Pension fund reform towards development of national economy : a South African case study

Moleko, Nthabiseng (2019-04)

Thesis (PhD)--Stellenbosch University, 2019.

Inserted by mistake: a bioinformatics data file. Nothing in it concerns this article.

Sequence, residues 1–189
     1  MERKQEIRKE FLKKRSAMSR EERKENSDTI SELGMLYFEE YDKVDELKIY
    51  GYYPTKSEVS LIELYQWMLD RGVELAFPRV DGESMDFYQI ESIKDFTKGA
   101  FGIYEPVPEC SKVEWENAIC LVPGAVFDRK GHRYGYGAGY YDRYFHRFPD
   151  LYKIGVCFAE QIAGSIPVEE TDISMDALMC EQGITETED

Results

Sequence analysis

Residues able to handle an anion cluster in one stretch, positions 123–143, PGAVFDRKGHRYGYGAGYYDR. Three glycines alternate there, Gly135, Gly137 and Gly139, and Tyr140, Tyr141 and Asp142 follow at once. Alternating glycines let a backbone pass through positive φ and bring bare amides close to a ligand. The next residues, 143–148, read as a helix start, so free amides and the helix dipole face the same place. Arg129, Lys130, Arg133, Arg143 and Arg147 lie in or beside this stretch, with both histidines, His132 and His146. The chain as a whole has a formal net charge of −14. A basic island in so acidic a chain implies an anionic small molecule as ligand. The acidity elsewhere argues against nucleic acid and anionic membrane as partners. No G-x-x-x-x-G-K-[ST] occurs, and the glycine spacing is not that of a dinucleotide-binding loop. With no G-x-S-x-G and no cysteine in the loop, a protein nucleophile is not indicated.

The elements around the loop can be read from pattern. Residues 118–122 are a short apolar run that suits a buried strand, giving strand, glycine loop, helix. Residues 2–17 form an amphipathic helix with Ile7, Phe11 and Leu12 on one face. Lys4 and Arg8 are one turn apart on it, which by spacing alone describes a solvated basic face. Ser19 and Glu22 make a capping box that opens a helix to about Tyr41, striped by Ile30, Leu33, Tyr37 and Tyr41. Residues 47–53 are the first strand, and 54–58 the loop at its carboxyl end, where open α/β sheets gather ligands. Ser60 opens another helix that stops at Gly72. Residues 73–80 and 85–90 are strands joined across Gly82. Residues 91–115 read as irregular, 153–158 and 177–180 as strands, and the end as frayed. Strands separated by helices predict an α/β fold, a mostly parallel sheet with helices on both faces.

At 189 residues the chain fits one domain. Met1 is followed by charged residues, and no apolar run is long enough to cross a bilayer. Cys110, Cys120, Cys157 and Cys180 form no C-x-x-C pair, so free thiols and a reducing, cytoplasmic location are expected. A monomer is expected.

ENGLISH SUMMARY : South African pension assets have grown astronomically over the past few decades. The implications of this phenomenon on savings, capital markets and growth in the economy are investigated in this study. The research seeks to empirically investigate the effects of pension assets through six research papers that will address this question. Chapter 1 outlines the problem statement, research objectives and significance of the study. Chapter 2 gives a historical perspective of the South African pension fund sector using secondary data and desk review of existing literature. It shows various legislative frameworks passed by the South African government, spurring reforms in the sector. Providing a descriptive review of the trends of the type and number of funds, total assets under management and legislative reforms provides evidence of the significant developments in the pension fund sector. Analysis of available data shows the contribution of pension funds to the South African economy, the growth trends in funds contribution and the role of the state controlled Public Investment Corporation (PIC). The huge growth of pension funds industry, more particularly the PIC rekindles the debate on how the PIC and its share in the sector can be used for driving growth and employment in the economy. South Africa has one of the largest pension systems in the world, but low savings continues to constrain growth. Chapter 3 examines the exact nature of the relationship between pension funds and savings remain unsettled in the literature. It is for this reason that this study seeks to interrogate the effects of pension funds on savings using the ARDL methodology. We find evidence suggesting that rising pension assets have a negative impact on the national savings rate. The analysis also shows that for our control variables, unemployment has negatively impacted the savings rate while the level of income affects savings rate positively. In Chapter 4 we seek to provide empirical evidence to establish the effect of pension fund assets on overall capital market development. It uses proxies for both stock and bond markets and uses the autoregressive distributive lag (ARDL) and the vector error correction model (VECM). The results show a positive relationship between pension savings and stock market development. No long-run relationship was established between pension savings and the bond market development. We find only unidirectional relationship between pension fund savings and stock market development. Evidence shows that policies in the stock market are conducive for its development, with contrary shown in the bond market. Chapter 5 investigates the relationship between pension assets and economic growth within the context of South Africa in. In spite of the fact that South African pension assets have been adjudged as being amongst some of the best performing and fastest growing in the world in recent decades, there exists a gap in the empirical literature on the role institutional investors like pension funds play in the finance-growth nexus. It is against this backdrop that the chapter seeks to investigate the impact of pension funds on economic growth within the context of South Africa. The study therefore employs the Vector Error Correction Model on time series data spanning the period 1966 to 2011. The study found the existence of a causal relationship between pension fund savings and growth however, the study did not find causal association running from capital market development to economic growth but rather found the existence of a reverse causality running from growth to capital market development. The policy implications of the findings is geared towards encouraging savings within the context of the South African labour market with a concomitant effect on investment and growth of the economy. The following Chapter 6 examines the cointegration between pension assets and economic growth in the presence of structural breaks. We find that pension assets have a positive but minimal impact on growth in the presence of structural breaks. The direction of the results is similar for the model with or without structural breaks. In Chapter 7 we investigate the Public Investment Corporation (PIC) incentives and decisions within a socio-economic, political and multiple level of governance context. Using the Institutional Analysis and Development Framework (IADF) we outline policy recommendations and identify gaps for institutions in the context of financial markets and outline policy recommendations. Studies have dwelt on the role of pension funds in the development of capital markets, however there is paucity of works pertaining to the incentives and operations of institutions that manage pension funds. Literature has focused on pension reform and its linkages to growth, savings and macro-economic variables using econometric analysis. The value addition in this study is the use of a theoretical model in the analysis of pension fund institutions given the multiple governance levels and collective action that characterise the sector. Adopting the IADF in this regard will provide theoretical foundation for the reformation of the PIC to drive national development goals that will reduce poverty and inequality. The significance of the study lies in making use of different methodologies to understand the relationship between pension assets and growth (Chapter 4). In addition, measuring the transmission of pension assets and growth within capital markets, namely bond markets is significant (Chapter 5). Institutional analysis of pension funds and the entire pension system is a new approach using relevant methodology (Chapter 7). The role financial markets through pension funds play in poverty alleviation relooks policy frameworks and investigates alternative mechanisms necessary for growth outcomes. Greater detail is provided in Section 1.5. of the significance of the study.